In the wake of the EU Directive 2018/957 of June 28th, 2018, the French Legislator also provided for new measures related to staff secondment from foreign companies in France by adopting the Law n°2018-771 of September 5th, 2018.
For the record, the concept of secondment or posting refers to the situation where an employee who usually works outside France, for an employer himself established outside France, is sent to France to perform a temporary assignment or service (Article L. 1261-3 of the Labour Code).
In practice, this can cover four different situations (Articles L. 1262-1 and L. 1262-2 of the Labour Code):
- The performance of transnational service involving two companies;
- The performance of a mission for the employer’s own account;
- The transfer of employees from a temporary work agency.
Foreign companies considering seconding employees to France must go through prior specific formalities which could – at some point – be really burdensome.
That is why, French new provisions aim at simplifying these formalities in certain cases of secondment in France. However, in turn, the Law reinforces the sanctions for non-compliance with secondment rules.
Simplifying secondments’ formalities
In principle, any foreign company looking at sending employees in France to perform a temporary work must:
- Proceed to a specific declaration to the French Labour Inspection (so-called “SIPSI declaration”);
- Appoint a representative of the company in France.
These formalities are often considered as being difficult to abide by for short-term secondments. That is why, from now on, companies outside France will be exempted from such formalities in two cases (Article L. 1262-2-1 of the Labour Code and Ministerial Order dated June 4th, 2019):
- For short-term services or one-off events for artists, athletes, apprentices on temporary mobility, conferences, seminars and scientific events;
- For employers seconding employees in France to perform an assignment for their own account (e.g. when there is no contract signed with a client based in France, for instance to prospect new markets, promote the company, attend a meeting or a training…).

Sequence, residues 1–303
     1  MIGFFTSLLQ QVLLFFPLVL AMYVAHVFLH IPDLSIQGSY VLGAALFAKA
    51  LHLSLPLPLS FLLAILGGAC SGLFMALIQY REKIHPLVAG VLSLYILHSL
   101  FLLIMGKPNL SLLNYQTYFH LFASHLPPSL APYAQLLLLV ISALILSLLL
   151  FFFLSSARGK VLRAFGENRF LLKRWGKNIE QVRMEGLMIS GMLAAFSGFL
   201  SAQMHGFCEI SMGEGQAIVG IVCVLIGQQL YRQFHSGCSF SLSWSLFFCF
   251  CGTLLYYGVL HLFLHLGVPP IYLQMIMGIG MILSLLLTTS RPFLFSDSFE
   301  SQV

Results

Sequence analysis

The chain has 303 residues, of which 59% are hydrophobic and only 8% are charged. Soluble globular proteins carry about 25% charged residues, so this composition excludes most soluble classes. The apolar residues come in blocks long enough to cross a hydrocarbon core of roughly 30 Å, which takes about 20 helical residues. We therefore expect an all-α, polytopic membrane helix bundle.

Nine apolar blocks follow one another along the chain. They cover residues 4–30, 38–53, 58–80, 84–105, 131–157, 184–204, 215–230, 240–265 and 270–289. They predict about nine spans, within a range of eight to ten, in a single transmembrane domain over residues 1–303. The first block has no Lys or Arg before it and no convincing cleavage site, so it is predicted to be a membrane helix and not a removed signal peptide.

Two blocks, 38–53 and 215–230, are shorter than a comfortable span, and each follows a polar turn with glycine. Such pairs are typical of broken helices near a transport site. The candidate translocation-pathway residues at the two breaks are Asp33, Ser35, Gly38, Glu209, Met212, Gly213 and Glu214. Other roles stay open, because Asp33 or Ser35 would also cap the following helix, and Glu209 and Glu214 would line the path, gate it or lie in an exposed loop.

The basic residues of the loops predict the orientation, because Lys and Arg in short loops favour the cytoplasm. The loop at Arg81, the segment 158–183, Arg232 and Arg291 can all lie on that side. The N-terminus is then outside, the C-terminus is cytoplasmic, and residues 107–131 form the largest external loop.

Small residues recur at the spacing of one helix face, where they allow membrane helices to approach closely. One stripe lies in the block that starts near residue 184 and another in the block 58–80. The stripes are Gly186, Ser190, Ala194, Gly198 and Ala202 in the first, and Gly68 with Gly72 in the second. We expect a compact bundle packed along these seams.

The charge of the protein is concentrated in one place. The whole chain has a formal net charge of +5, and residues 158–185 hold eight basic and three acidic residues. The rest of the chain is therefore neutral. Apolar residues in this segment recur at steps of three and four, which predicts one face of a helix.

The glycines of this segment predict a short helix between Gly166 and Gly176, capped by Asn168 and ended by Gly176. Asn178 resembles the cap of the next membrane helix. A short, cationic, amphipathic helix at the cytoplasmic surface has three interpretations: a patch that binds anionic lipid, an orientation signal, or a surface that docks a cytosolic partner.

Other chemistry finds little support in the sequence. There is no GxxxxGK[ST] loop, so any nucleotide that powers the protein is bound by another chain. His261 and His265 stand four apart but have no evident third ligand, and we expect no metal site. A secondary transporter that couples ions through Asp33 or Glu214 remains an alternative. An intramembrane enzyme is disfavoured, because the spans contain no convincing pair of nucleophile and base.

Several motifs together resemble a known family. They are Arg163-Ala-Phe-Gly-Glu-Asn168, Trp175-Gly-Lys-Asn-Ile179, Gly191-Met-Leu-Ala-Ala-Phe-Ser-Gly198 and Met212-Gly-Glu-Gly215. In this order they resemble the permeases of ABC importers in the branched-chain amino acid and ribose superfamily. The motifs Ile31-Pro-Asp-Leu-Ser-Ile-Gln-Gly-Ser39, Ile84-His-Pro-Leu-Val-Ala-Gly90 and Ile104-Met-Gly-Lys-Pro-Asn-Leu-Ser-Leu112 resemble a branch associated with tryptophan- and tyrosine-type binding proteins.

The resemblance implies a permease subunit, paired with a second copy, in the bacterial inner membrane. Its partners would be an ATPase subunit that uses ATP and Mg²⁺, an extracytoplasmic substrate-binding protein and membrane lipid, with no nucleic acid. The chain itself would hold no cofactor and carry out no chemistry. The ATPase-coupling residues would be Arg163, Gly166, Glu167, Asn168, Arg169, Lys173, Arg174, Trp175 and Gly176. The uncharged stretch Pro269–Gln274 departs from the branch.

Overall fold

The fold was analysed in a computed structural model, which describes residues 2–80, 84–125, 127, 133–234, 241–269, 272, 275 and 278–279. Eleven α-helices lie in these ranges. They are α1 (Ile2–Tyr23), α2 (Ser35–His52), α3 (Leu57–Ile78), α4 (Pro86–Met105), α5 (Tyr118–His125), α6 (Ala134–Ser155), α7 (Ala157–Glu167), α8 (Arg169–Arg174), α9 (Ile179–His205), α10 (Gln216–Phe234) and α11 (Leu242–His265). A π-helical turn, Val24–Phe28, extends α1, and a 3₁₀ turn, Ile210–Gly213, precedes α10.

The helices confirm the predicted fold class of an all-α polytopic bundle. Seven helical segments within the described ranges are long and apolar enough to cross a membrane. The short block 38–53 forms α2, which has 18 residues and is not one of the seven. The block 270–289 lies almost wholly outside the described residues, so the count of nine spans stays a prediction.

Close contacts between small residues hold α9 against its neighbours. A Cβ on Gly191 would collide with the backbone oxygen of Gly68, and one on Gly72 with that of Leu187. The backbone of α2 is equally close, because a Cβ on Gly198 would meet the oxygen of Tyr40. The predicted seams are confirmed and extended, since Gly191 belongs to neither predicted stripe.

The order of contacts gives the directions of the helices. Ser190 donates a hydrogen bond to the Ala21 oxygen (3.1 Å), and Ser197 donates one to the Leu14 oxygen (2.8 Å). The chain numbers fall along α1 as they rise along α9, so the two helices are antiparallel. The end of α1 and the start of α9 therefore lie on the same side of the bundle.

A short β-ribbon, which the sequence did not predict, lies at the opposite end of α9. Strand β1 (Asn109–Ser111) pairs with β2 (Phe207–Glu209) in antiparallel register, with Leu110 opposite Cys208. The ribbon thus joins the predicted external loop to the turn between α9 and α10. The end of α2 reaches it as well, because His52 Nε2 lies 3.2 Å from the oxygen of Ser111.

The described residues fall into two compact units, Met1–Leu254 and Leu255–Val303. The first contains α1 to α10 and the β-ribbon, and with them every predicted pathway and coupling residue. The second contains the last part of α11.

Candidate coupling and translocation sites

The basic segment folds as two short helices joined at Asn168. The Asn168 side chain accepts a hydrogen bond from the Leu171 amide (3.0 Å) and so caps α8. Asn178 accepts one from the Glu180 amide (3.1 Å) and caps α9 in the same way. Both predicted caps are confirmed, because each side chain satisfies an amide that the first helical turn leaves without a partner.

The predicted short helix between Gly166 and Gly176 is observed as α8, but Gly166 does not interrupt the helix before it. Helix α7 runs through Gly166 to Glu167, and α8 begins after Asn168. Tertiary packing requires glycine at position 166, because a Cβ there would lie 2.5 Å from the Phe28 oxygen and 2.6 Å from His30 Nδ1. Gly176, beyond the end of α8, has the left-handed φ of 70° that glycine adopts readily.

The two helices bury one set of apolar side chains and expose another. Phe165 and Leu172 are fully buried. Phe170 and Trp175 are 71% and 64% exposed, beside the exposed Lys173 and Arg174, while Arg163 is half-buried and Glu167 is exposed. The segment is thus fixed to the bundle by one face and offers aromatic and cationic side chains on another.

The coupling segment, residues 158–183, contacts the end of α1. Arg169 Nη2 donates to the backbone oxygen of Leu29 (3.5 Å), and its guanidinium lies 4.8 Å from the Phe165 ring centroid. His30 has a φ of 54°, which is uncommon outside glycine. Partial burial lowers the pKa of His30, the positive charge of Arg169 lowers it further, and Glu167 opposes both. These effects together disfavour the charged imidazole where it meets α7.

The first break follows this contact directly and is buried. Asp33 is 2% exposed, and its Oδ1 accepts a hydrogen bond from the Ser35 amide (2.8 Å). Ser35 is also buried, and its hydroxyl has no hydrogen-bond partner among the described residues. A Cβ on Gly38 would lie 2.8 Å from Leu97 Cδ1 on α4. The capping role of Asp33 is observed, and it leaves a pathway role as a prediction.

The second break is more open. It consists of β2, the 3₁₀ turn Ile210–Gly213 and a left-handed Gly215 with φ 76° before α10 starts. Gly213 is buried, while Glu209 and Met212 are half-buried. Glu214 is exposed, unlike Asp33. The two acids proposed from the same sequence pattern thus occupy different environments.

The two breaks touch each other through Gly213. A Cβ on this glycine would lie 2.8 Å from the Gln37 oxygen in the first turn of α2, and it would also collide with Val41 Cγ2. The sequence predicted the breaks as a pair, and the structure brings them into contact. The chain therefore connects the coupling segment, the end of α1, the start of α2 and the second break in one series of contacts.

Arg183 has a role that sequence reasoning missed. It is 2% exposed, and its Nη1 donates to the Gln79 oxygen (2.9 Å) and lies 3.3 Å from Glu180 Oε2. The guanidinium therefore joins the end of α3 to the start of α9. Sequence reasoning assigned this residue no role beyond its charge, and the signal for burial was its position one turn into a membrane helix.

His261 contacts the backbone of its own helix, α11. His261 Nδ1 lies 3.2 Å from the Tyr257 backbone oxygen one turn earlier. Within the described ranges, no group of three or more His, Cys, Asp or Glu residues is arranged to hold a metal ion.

Furthermore, the Law offers the possibility for foreign companies seconding employees in France on a regular basis to ask the Labour Inspection to benefit from specific adjustments (i.e. to be exempted from the declaration or the nomination of a representative). In this case, the Labour Inspection will ensure that the company complies with the so-called “hard core” rules provided by French Law, notably related to minimum wages, duration of work and occupational health and safety (Article L. 1262-4 of the Labour Code). These adjustments can be authorized for a maximum period of 12 months, renewable at the request of the company (Article L. 1263-8 of the Labour Code).
Reinforcement of administrative fines
The Law increases the sanctions in case of infringement to the secondment rules.
First, the maximum fines incurred in case of non-compliance increase from €2.000 to €3.000, and from €4.000 to €6.000 in case of repeated offenses, characterized by any reiteration of the infringement within 2 years since the notification of the first fine (Article L. 1264-3 of the Labour Code). Moreover, the employer must pay such fine even if he challenges it.
Besides, the duty of care of a company contracting with a foreign employer is extended. Now, when concluding a service contract, the client shall ensure that its foreign contractor is up to date with the payment of fines due for non-compliance with:
- its obligations related to the implementation of secondment (prior declaration, nomination of a representative…);
- its obligations related to the seconded employees’ rights;
- the suspension of activity ordered by the Labour Inspection further to a breach of the “hard core” rules;
- its obligation to display the information related to secondment on a construction site.
Furthermore, the Labour Inspection is now able to suspend the execution of an international service contract in case of non-payment of a fine consecutive to the non-compliance with secondment rules. To do so, the Labour Inspection must order in writing the concerned employer to pay the fine and inform its contractor. In the absence of payment before the starting date of the contract, the Labour Inspection can impede the provision of the service planned by the parties for a maximum period of 2 months renewable (Article L. 1263-4-2 of the Labour Code).
These new provisions clearly constitute a new opportunity for companies to temporary second employee easily and quickly. However, companies will have to be cautious and strictly comply with the existing obligations provided by French law to benefit from the advantages of this new scheme.